Tense talks on Israel expulsion vote at FIFA
“Negotiations are still going on but they are very complicated,” a top FIFA official told AFP.
“There may not be a solution until the final hours,” added the official, speaking on condition of anonymity.
FIFA president Sepp Blatter has held talks with Israel’s Prime Minister Benjamin Netanyahu and Palestinian president Mahmud Abbas in a bid to prevent the politically charged vote at a FIFA congress on Friday.
FIFA would not discuss the talks. But a spokeswoman for the governing body said “only Palestine can withdraw the demand to suspend Israel from the agenda.”
Palestinian Football Association president Jibril Rajoub has so far refused to withdraw the motion that will require the backing of three quarters of the 209 member federations to pass.
“Our asks are clear, just and fair: Freedom of movement, end of racism and expulsion of all teams from illegal Israeli settlements in occupied Palestine competing in the Israeli league.” Rajoub said Monday as he left for Zurich.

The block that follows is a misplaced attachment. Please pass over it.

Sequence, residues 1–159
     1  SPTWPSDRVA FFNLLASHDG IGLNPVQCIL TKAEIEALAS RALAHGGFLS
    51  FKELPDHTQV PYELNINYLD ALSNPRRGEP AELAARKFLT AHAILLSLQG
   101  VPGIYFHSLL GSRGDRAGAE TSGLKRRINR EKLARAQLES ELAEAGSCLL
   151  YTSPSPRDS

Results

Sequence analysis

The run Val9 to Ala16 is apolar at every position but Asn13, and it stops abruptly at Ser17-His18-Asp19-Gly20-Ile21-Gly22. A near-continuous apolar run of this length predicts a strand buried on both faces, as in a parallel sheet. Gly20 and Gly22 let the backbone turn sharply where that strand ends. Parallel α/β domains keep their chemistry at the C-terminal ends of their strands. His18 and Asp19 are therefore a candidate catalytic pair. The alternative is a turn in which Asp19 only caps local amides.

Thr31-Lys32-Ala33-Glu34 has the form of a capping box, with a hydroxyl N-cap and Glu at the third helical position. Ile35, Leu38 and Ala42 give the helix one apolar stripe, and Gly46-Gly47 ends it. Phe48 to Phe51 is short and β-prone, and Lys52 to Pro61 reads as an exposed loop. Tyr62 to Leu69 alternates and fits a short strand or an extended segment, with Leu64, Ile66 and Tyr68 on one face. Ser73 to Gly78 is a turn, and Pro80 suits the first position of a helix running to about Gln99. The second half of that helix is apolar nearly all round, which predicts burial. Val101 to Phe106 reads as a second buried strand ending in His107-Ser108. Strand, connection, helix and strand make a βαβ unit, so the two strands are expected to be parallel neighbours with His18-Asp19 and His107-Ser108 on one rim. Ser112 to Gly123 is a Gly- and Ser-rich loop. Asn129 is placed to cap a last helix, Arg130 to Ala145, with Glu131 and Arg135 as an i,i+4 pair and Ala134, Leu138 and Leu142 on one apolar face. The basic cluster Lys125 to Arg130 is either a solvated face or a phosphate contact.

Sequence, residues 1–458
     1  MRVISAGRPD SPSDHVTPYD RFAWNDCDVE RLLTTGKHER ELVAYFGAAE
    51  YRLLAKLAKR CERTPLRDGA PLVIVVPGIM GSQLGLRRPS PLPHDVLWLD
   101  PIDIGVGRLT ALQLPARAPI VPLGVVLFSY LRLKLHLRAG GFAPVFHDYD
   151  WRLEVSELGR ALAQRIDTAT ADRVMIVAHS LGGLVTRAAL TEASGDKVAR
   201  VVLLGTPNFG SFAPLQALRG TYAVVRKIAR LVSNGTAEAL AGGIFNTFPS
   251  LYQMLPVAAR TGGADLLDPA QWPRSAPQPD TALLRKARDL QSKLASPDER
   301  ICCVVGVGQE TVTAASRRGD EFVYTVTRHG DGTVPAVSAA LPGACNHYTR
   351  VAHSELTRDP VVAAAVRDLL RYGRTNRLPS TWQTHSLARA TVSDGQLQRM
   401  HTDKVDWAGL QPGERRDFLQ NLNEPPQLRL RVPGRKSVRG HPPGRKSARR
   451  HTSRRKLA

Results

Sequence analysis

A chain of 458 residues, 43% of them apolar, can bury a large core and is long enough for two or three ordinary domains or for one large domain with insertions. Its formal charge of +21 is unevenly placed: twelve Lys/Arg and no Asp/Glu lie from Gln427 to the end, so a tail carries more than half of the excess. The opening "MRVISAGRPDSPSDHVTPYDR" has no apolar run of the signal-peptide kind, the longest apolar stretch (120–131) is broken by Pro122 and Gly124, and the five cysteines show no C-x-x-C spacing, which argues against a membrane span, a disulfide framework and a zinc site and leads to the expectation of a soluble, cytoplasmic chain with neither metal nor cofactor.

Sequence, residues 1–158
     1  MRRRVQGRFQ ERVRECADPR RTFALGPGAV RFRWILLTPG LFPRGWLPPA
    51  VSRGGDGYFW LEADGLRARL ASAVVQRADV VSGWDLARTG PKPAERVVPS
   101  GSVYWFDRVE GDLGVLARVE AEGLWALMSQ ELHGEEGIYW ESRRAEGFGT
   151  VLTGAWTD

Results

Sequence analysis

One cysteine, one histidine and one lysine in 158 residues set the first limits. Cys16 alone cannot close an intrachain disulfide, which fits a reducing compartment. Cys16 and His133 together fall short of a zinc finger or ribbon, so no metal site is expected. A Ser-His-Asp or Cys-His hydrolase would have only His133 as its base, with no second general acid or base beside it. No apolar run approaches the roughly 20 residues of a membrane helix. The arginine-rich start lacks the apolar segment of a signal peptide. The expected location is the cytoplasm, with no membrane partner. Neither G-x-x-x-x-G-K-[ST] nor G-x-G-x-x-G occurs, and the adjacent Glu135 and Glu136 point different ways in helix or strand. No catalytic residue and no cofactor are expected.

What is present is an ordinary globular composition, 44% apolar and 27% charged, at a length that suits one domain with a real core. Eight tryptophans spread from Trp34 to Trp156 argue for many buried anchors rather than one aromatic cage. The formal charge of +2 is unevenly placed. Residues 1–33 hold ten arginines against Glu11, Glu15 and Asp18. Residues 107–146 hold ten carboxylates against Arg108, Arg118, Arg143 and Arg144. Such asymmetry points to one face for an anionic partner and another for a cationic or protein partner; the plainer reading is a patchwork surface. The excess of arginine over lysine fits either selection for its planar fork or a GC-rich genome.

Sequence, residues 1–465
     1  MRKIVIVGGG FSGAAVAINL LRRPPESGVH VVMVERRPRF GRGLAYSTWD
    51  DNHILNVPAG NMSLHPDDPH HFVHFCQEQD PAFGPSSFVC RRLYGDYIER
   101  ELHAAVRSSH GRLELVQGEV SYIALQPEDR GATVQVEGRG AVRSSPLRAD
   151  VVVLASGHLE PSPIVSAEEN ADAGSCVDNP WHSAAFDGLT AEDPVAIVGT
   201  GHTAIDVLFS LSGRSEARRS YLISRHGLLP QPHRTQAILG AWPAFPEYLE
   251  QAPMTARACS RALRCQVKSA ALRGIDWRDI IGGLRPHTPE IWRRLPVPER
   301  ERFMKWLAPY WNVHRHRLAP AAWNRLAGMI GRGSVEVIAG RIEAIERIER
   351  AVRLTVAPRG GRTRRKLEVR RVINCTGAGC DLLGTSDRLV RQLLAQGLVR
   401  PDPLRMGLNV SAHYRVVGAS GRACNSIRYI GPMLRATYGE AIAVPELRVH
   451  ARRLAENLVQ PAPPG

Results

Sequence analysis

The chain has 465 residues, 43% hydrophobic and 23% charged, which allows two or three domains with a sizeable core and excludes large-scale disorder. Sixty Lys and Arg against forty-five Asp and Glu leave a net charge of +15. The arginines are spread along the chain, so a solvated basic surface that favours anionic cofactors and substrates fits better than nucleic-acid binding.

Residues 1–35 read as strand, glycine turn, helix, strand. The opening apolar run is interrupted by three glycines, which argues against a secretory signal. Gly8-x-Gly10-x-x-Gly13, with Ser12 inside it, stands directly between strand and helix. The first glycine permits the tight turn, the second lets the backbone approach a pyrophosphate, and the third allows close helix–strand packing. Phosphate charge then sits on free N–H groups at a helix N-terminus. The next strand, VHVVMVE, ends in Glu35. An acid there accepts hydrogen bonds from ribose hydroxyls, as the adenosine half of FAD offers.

He said that if the conditions are not met “we will push for our resolution to be voted in the FIFA congress to suspend the Israeli Football Association.”
Palestine, which has been a FIFA member since 1998, wants world football’s governing body to bar Israel from international competition over its restrictions on the movement of Palestinian players.
It also opposes the participation in the Israeli championships of five clubs located in Jewish settlements in the occupied West Bank.
Blatter told the FIFA executive committee on Monday about his trip to the Middle East last week to meet Netanyahu and Abbas. But he did not report a deal.
Blatter’s main talks have been with Rajoub and Israel Football Association President Ofer Eini who says restrictions on Palestinian players are a security question.
“The FIFA president will report to the Congress on this dossier later this week with the aim of providing a framework for strengthening the development of football in the region,” said a FIFA statement.
Blatter strongly opposes the vote saying it is bringing politics into football and that Israel has not breached FIFA’s statutes.
“The executive underlined that a FIFA member association should not be suspended if it has not violated the FIFA statutes,” said the statement.
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